Friday, July 17, 2020 / by Ken Couture
With his restaurant at Las Vegas’ Palms Resort still closed, the Philadelphia chef is bringing some staff to a new location. Plus, a tavern from José Andrés closes in D.C., Del Posto auctions part of its Wine Spectator Grand Award–winning wine collection, and more
Chef Marc Vetri unveiled a pop-up version of his Italy-focused Philadelphia restaurant, Fiorella, in Las Vegas’ Red Rock Resort July 10. In the space formerly home to Award of Excellence winner Terra Rossa, Osteria Fiorella marks the second time the chef has taken a concept cross-country; his flagship Vetri Cucina in Philadelphia and its sibling location in Las Vegas' Palms Casino Resort both hold Wine Spectator Restaurant Awards.
This time the opening was particularly fast-paced, taking only about two months from conception to launch, partly in an effort to relocate staff from the still-shuttered Vetri Cucina.
“The executive team at Red Rock had been following my Instagram and loved what we were doing at Fiorella in Philly,” Vetri told Wine Spectator by email. He said his goal was to create “a fun atmosphere that you can feel comfortable coming in multiple times a week with the family, business clients or just friends,” displayed through thoughtful details like placemats with old photos of Vetri’s family.
Based off the original outpost in a converted 125-year-old butcher shop, Osteria Fiorella features expanded offerings, such as a much larger wine program built by Vetri Cucina wine director Justin Moore. “The modest selection of around 70 wines is a balance of comfort wines that neighborhood diners will recognize, and more traditional Italian options from classic producers and regions,” Moore said. The list includes top bottles from regions like Tuscany, Piedmont and Friuli. Pinot Noirs from Sonoma and Oregon’s Willamette Valley have a significant presence; there’s also a “secret list” of up to 200 additional options available upon request.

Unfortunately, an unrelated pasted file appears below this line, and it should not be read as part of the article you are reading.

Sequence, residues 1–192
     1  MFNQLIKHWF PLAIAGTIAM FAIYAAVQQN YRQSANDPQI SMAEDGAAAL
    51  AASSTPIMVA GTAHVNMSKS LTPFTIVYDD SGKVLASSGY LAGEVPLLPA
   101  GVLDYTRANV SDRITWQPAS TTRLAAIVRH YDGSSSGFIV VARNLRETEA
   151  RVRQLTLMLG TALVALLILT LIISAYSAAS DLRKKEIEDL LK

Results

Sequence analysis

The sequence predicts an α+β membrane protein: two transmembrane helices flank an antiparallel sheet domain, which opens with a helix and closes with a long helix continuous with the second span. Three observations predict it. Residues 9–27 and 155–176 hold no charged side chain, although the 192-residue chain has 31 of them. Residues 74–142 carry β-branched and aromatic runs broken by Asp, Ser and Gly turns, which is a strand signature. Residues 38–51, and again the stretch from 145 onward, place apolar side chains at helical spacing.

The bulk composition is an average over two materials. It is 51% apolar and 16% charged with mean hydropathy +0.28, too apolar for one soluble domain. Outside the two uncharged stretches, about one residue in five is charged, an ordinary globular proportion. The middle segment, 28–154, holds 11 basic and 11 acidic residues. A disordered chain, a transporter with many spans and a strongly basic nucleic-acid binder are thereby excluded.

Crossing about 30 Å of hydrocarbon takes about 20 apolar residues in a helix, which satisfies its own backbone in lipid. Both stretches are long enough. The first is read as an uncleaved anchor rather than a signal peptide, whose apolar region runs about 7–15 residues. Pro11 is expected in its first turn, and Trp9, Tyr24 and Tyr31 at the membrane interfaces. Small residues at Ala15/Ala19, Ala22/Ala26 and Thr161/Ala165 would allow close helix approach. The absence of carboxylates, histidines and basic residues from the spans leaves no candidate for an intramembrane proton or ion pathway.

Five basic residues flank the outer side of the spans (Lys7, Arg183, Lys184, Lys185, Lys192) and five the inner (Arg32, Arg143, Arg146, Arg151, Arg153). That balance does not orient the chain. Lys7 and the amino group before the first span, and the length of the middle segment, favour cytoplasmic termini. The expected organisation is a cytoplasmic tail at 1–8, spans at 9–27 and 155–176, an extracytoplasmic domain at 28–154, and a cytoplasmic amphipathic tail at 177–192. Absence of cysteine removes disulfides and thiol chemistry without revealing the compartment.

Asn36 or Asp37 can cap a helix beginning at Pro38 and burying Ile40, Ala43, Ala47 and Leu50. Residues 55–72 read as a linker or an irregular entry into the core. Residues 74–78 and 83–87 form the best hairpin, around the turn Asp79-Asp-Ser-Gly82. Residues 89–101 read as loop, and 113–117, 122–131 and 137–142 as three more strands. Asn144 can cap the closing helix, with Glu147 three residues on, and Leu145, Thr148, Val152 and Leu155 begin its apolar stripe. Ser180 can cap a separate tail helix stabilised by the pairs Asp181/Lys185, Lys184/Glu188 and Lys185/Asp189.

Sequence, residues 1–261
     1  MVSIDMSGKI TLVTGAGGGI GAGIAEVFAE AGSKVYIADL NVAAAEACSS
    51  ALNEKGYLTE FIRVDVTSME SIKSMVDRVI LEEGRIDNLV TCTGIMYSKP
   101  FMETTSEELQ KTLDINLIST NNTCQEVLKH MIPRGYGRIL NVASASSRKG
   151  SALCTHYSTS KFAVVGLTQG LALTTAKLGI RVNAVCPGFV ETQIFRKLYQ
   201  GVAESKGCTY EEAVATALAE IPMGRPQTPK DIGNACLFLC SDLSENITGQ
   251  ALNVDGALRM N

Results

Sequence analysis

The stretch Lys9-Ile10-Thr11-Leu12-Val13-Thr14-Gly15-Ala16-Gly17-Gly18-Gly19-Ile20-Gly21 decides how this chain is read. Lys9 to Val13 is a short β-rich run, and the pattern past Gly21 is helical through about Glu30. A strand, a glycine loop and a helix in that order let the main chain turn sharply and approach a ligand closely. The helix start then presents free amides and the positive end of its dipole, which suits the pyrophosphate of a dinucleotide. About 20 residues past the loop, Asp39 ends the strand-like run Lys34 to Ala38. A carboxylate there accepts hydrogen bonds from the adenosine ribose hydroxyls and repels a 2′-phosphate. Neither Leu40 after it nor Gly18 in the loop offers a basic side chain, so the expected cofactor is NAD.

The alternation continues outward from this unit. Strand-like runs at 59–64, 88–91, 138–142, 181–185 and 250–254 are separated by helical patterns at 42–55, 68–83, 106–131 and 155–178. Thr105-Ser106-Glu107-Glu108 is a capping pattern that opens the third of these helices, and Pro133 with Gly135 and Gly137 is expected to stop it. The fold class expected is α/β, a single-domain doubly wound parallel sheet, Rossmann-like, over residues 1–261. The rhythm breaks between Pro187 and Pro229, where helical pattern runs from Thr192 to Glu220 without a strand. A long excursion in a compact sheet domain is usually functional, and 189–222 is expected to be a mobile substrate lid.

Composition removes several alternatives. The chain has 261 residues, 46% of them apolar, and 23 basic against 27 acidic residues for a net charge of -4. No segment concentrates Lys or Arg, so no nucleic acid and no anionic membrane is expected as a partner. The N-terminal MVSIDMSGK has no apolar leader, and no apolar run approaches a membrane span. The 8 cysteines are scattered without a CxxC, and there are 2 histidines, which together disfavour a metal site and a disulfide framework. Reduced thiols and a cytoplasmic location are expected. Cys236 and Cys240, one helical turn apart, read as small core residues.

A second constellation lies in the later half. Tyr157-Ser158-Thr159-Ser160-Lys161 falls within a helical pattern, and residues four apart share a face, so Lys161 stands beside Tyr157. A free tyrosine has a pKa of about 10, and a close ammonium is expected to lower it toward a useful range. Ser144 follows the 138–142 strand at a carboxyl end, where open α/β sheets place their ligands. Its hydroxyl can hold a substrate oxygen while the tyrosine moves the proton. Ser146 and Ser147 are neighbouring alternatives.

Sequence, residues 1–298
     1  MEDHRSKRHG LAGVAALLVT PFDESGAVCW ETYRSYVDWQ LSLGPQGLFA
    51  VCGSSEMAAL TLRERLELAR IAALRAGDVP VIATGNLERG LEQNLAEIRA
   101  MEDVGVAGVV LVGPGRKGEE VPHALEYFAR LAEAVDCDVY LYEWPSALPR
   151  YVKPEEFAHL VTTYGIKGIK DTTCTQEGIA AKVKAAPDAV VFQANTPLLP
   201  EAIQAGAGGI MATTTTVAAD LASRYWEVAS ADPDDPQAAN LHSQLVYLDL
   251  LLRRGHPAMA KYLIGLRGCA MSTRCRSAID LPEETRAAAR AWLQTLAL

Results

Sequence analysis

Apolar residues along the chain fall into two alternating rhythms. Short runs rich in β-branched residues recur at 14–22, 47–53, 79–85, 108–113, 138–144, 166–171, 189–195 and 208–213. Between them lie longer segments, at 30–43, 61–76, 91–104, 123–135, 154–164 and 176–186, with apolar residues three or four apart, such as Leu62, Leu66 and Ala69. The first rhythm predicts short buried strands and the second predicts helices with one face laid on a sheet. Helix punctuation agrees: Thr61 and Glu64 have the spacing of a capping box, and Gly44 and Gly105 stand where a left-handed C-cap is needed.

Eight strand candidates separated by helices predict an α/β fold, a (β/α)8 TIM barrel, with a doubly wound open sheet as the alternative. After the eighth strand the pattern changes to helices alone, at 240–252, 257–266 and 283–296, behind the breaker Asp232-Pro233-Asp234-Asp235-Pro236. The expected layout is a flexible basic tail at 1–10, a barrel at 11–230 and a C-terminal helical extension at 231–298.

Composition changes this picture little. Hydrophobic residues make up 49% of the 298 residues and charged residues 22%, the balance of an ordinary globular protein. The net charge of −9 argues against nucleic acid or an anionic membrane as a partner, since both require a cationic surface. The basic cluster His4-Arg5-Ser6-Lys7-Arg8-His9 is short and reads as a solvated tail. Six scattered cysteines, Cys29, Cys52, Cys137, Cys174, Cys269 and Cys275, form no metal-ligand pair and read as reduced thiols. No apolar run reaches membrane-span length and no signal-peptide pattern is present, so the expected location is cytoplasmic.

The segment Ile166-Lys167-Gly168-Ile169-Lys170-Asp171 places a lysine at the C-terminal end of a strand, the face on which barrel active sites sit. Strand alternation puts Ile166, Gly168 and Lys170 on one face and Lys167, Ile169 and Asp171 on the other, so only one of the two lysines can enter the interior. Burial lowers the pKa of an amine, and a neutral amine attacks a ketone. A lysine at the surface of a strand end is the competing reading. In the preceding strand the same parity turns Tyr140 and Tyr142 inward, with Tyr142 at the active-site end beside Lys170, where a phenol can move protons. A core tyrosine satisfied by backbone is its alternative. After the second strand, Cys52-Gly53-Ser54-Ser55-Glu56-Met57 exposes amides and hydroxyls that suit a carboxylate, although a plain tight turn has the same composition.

The menu is also larger than the original’s, mixing influences from Vetri’s travels in northern Italy and his upbringing in South Philadelphia. The chef describes the cuisine as “a cross between traditional Italian food from Italy and American red sauce cuisine. Just fun food with no pretense.” This includes salads, pizzas, antipasti and more, taking advantage of the space’s wood-burning oven. Hand-made pastas are also available, such as pappardelle with duck ragù and cavatelli with broccoli, plus meatier entrées.—Collin Dreizen
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